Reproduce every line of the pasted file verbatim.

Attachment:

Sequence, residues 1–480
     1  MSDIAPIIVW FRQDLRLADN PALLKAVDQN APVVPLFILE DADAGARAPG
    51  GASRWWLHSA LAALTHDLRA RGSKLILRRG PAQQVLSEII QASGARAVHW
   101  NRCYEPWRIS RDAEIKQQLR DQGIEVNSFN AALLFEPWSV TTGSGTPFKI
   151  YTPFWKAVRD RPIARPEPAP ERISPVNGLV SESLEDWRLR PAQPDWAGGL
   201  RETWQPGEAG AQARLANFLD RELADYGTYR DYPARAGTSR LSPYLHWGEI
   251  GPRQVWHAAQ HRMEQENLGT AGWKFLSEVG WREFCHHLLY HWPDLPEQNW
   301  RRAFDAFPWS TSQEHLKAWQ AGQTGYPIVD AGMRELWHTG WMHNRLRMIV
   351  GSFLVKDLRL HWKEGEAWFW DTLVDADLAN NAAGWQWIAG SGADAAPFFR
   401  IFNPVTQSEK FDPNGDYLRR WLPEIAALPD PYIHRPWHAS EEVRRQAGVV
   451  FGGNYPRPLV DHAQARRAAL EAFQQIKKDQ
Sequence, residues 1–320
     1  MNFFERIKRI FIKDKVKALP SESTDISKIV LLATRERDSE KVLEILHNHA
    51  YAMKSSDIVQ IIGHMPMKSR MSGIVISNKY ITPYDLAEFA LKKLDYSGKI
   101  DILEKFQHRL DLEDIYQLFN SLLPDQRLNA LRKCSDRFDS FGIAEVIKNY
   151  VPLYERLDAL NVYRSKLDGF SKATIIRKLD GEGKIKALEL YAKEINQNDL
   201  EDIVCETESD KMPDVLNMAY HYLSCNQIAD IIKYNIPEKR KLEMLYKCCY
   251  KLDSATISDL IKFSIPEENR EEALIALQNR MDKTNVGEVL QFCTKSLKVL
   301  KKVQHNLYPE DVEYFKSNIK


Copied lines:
Sequence, residues 1–480
     1  MSDIAPIIVW FRQDLRLADN PALLKAVDQN APVVPLFILE DADAGARAPG
    51  GASRWWLHSA LAALTHDLRA RGSKLILRRG PAQQVLSEII QASGARAVHW
   101  NRCYEPWRIS RDAEIKQQLR DQGIEVNSFN AALLFEPWSV TTGSGTPFKI
   151  YTPFWKAVRD RPIARPEPAP ERISPVNGLV SESLEDWRLR PAQPDWAGGL
   201  RETWQPGEAG AQARLANFLD RELADYGTYR DYPARAGTSR LSPYLHWGEI
   251  GPRQVWHAAQ HRMEQENLGT AGWKFLSEVG WREFCHHLLY HWPDLPEQNW
   301  RRAFDAFPWS TSQEHLKAWQ AGQTGYPIVD AGMRELWHTG WMHNRLRMIV
   351  GSFLVKDLRL HWKEGEAWFW DTLVDADLAN NAAGWQWIAG SGADAAPFFR
   401  IFNPVTQSEK FDPNGDYLRR WLPEIAALPD PYIHRPWHAS EEVRRQAGVV
   451  FGGNYPRPLV DHAQARRAAL EAFQQIKKDQ
Sequence, residues 1–320
     1  MNFFERIKRI FIKDKVKALP SESTDISKIV LLATRERDSE KVLEILHNHA
    51  YAMKSSDIVQ IIGHMPMKSR MSGIVISNKY ITPYDLAEFA LKKLDYSGKI
   101  DILEKFQHRL DLEDIYQLFN SLLPDQRLNA LRKCSDRFDS FGIAEVIKNY
   151  VPLYERLDAL NVYRSKLDGF SKATIIRKLD GEGKIKALEL YAKEINQNDL
   201  EDIVCETESD KMPDVLNMAY HYLSCNQIAD IIKYNIPEKR KLEMLYKCCY
   251  KLDSATISDL IKFSIPEENR EEALIALQNR MDKTNVGEVL QFCTKSLKVL
   301  KKVQHNLYPE DVEYFKSNIK